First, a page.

And Leigh grippingly extends the themes of oppression explored on I Abused Animal during “Lena,” detailing sexual abuse in a hymn-like tune. The scene she paints is vivid: In verses, a daughter hazily recalls her father (“Been sleeping all night in daddy’s garage again”), while the father reenacts his violations in the chorus (“Oh Lena/Come and sit on my lap/...And lift up your skirt”). Leigh heightens tension with rising hums and guitar plucks. Additions to Leigh’s palette boost such complexity throughout Throne, including drum machine, synths, and backing by John Hannon on violin and her husband, David Keenan, on bass. This layered music feels simple but echoes deeply.

The most complex song on Throne is also its longest. The 17-minute “Gold Teeth” is less a love song than an abstract poem, as Leigh repeats simple phrases to conjure new meanings. Lines like “into the sea” and “it’s the wind” emerge over and over, forming a hypnotic hall of mirrors. A middle section of guitar noise darkens the piece, but Leigh’s lyrical images emerge from the chaos stronger than before.

That may sound heady, and Throne is not easy-listening, even if it is Leigh’s most song-oriented album yet. Leigh, after all, calls her music a personal religion, and it often feels like a series of spiritual explorations and epiphanies. But Throne is also quite sensual, reveling in bodies and the environments through which they move. The album’s back cover shows a posterior, presumably Leigh’s, pointing to her hope “that listeners can connect with the seriousness of the work on one level while shaking their ass to a total fucking banger at the same time.” Throne might not get butts on the dance floor, but its sense of movement—both within its songs and within the arc of Leigh’s evolution—is profound.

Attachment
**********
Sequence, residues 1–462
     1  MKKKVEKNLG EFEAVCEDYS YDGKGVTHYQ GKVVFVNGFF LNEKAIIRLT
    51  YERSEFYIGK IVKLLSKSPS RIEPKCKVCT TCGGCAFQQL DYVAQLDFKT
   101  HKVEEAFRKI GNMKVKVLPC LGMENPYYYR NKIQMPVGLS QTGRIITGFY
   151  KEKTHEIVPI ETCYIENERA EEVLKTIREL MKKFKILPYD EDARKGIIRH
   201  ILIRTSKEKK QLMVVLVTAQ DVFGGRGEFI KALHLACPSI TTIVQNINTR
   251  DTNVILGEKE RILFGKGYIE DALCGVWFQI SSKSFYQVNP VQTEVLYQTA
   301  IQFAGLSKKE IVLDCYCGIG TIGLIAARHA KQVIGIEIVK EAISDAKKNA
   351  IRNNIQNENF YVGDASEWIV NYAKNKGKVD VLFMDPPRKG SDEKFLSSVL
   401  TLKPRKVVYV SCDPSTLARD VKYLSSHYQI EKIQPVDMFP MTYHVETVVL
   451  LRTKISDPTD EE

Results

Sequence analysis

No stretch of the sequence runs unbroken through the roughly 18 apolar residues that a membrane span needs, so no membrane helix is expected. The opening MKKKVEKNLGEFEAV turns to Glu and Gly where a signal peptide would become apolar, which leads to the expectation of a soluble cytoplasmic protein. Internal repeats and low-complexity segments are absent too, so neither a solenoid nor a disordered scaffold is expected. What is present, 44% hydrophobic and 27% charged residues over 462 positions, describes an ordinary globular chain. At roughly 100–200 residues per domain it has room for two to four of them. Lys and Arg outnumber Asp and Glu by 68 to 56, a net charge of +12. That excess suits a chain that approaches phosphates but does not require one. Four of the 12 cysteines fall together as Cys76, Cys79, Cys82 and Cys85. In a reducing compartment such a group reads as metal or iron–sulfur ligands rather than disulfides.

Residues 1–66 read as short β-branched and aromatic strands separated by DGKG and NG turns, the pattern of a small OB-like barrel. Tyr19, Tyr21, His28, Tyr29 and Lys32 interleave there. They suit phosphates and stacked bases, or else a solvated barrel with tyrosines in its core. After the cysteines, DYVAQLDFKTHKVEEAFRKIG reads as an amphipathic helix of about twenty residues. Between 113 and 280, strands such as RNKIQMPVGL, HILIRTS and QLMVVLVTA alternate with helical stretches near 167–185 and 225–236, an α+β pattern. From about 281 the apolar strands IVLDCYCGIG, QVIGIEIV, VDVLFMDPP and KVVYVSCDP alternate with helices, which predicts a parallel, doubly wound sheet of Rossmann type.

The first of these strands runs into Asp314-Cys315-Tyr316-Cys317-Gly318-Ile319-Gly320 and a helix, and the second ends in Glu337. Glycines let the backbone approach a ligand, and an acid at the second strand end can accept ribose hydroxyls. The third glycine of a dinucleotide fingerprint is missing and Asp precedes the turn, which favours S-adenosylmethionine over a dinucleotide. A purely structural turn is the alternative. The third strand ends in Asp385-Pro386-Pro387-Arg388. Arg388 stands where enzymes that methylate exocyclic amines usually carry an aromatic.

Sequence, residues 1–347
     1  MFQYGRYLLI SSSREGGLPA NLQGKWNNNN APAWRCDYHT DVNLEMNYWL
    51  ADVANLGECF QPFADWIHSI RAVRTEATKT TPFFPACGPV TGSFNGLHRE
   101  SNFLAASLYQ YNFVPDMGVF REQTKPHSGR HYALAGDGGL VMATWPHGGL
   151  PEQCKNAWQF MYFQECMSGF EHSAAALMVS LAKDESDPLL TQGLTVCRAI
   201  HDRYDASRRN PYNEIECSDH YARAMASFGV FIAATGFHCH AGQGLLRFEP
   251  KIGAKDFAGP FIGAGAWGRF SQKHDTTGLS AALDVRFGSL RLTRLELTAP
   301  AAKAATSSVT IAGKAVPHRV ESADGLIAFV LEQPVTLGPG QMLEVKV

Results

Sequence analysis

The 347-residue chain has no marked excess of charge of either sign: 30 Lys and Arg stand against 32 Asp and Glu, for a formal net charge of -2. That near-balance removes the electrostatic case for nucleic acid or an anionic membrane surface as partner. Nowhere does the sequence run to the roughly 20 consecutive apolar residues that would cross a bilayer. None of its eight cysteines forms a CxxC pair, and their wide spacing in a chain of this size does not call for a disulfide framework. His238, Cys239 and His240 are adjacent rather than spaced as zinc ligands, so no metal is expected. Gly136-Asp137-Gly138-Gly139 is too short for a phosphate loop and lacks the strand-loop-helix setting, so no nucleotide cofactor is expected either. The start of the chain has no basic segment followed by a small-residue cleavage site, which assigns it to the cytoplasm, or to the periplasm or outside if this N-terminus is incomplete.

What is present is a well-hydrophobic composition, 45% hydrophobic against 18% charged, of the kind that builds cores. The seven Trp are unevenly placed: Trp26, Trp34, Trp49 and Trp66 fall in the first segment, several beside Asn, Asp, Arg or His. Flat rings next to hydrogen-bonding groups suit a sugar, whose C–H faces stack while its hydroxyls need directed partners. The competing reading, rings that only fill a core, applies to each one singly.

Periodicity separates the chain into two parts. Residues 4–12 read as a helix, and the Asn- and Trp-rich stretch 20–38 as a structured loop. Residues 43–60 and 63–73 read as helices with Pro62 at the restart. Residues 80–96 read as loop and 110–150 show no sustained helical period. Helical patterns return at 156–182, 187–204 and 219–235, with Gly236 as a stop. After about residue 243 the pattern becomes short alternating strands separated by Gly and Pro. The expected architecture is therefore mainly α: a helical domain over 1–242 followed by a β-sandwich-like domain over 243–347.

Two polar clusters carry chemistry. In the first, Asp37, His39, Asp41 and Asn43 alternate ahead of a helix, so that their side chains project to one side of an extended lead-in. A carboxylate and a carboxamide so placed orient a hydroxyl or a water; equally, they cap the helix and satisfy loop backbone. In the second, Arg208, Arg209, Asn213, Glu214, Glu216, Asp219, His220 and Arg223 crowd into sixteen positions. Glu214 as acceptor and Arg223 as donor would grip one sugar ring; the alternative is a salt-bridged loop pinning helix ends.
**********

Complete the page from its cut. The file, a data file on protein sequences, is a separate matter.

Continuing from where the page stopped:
View the original article here


Related Posts Plugin for WordPress, Blogger...

Popular posts from this blog

Samsung Galaxy Buds Review

Samsung has introduced a new pair of wireless earbuds with various upgrades including wireless charging. Find out what we make of the Galaxy Buds in our full review.
Should I Buy The Samsung Galaxy Buds?